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And The Sticker Really Does Smell Like Laundered Money

Chicago unleashes some of its more virulent cororate citezens in the grindcore of HeWhoCorrupts

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by Alex V. Cook, Music Editor for outsideleft.com
originally published: October, 2005
I highly recommend this short little enfant terrible. And when you do, tell Jesus thanks in a little prayer at bedtime, so He will get off my back already.
by Alex V. Cook, Music Editor for outsideleft.com
originally published: October, 2005
I highly recommend this short little enfant terrible. And when you do, tell Jesus thanks in a little prayer at bedtime, so He will get off my back already.

HeWhoCorrupts
The Smell Of Money
(Eugenics Records)

When you were, just the other night asking yourself, "What exactly is grindcore?", Jesus heard you. He hears the pleas and queries of all His little children, and he has dispatched me through His Divine Will to find you an answer. Unfortunately, like all quests with a root in spirituality, the goal is nebulous, the specs are for shit and the road to the resolution is long and fraught with peril. So I turn to the only people I can, Those Of Darkness, and They opened up their smoky holes and delivered me a quick, concise answer. Thanks Satan! once again, you come through with flying colors! now where is that thing you wanted me to sign?

The exemplis grindcoris here is the short but amazingly expansive EP from Chicago's HeWhoCorrputs. The hook with this rather elaborate package for an 8-minute EP (including a scratch and sniff sticker that "smells like laundered money") is that they have a corporate tyrant thing standing in for the usual frost giant oathery that comes with most metal. And while it makes for charming one-sheet copy, the music is all screeching mayhem and jackhammer tectonics. all 5 songs clock in under 2 minutes, but contain enough disparate elements to feel like a full length record. The songs flow together like a herky-jerky flailing pack of zombies with great titles like "Whose Ball Bearings need Greasin'" and "Grinding for Jesus" and contain thumping drum clunks and a guitar fuzz that sounds like a power station going into overload. The singers shrieks like a caged baboon that didn't sign up for captivity, and among all the other stunt musicalities that make up grindcore, this is a surprisingly catchy record.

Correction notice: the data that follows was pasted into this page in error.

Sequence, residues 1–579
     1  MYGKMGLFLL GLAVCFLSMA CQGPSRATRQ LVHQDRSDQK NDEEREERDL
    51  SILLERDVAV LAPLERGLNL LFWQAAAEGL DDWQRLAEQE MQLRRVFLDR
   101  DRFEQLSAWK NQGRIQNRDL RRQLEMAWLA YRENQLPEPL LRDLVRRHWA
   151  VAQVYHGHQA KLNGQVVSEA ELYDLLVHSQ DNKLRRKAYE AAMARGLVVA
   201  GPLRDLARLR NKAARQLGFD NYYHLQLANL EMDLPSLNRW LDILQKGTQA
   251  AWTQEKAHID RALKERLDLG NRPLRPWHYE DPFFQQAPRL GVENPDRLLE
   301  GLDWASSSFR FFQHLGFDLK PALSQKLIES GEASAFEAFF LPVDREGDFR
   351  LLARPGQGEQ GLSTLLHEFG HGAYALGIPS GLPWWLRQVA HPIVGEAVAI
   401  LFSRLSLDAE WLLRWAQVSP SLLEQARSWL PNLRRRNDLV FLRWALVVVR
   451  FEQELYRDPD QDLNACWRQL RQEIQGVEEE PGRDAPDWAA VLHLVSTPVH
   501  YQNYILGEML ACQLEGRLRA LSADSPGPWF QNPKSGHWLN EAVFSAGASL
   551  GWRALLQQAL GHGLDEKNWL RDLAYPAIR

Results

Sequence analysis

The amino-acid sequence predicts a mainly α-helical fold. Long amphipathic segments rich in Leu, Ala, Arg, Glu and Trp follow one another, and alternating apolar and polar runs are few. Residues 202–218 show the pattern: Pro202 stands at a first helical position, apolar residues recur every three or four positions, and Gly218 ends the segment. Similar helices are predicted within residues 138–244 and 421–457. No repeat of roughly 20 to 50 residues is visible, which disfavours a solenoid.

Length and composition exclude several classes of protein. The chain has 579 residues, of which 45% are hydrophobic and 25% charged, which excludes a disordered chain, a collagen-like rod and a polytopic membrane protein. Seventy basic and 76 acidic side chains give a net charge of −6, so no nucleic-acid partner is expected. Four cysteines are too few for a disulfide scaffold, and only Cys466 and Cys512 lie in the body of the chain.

I'm not saying you will catch yourself humming the Tourette'ss and busted snare interplays of "Fuck You and F That" while standing in line at the bank, but you might be like me and be on your third cycle of the EP before you know what hit you, gain and again. If you like Mike Patton's hyperspazz impalement's, but wish they were strangely a little rawer, and want something that will drown out all around you. I highly recommend this short little enfant terrible. And when you do, tell Jesus thanks in a little prayer at bedtime, so He will get off my back already.

OH and I almost forgot to mention  that included on the disc  there is an interview and a video for "Master of Profits" that starts out like a corporate training video and has them going all Jackass in an office, culminating with a mostly naked band member shitting money all over the rest of the band huddled around a conference table. Need I say more?

 

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Alex V. Cook
Music Editor

Alex V. Cook listens to everything and writes about most of it. His latest book, the snappily titled Louisiana Saturday Night: Looking for a Good Time in South Louisiana's Juke Joints, Honky-Tonks, and Dance Halls is an odyssey from the backwoods bars and small-town dives to the swampside dance halls and converted clapboard barns of a Louisiana Saturday Night. Don't leave Heathrow without it. His first book Darkness Racket and Twang is available from SideCartel. The full effect can be had at alex v cook.com

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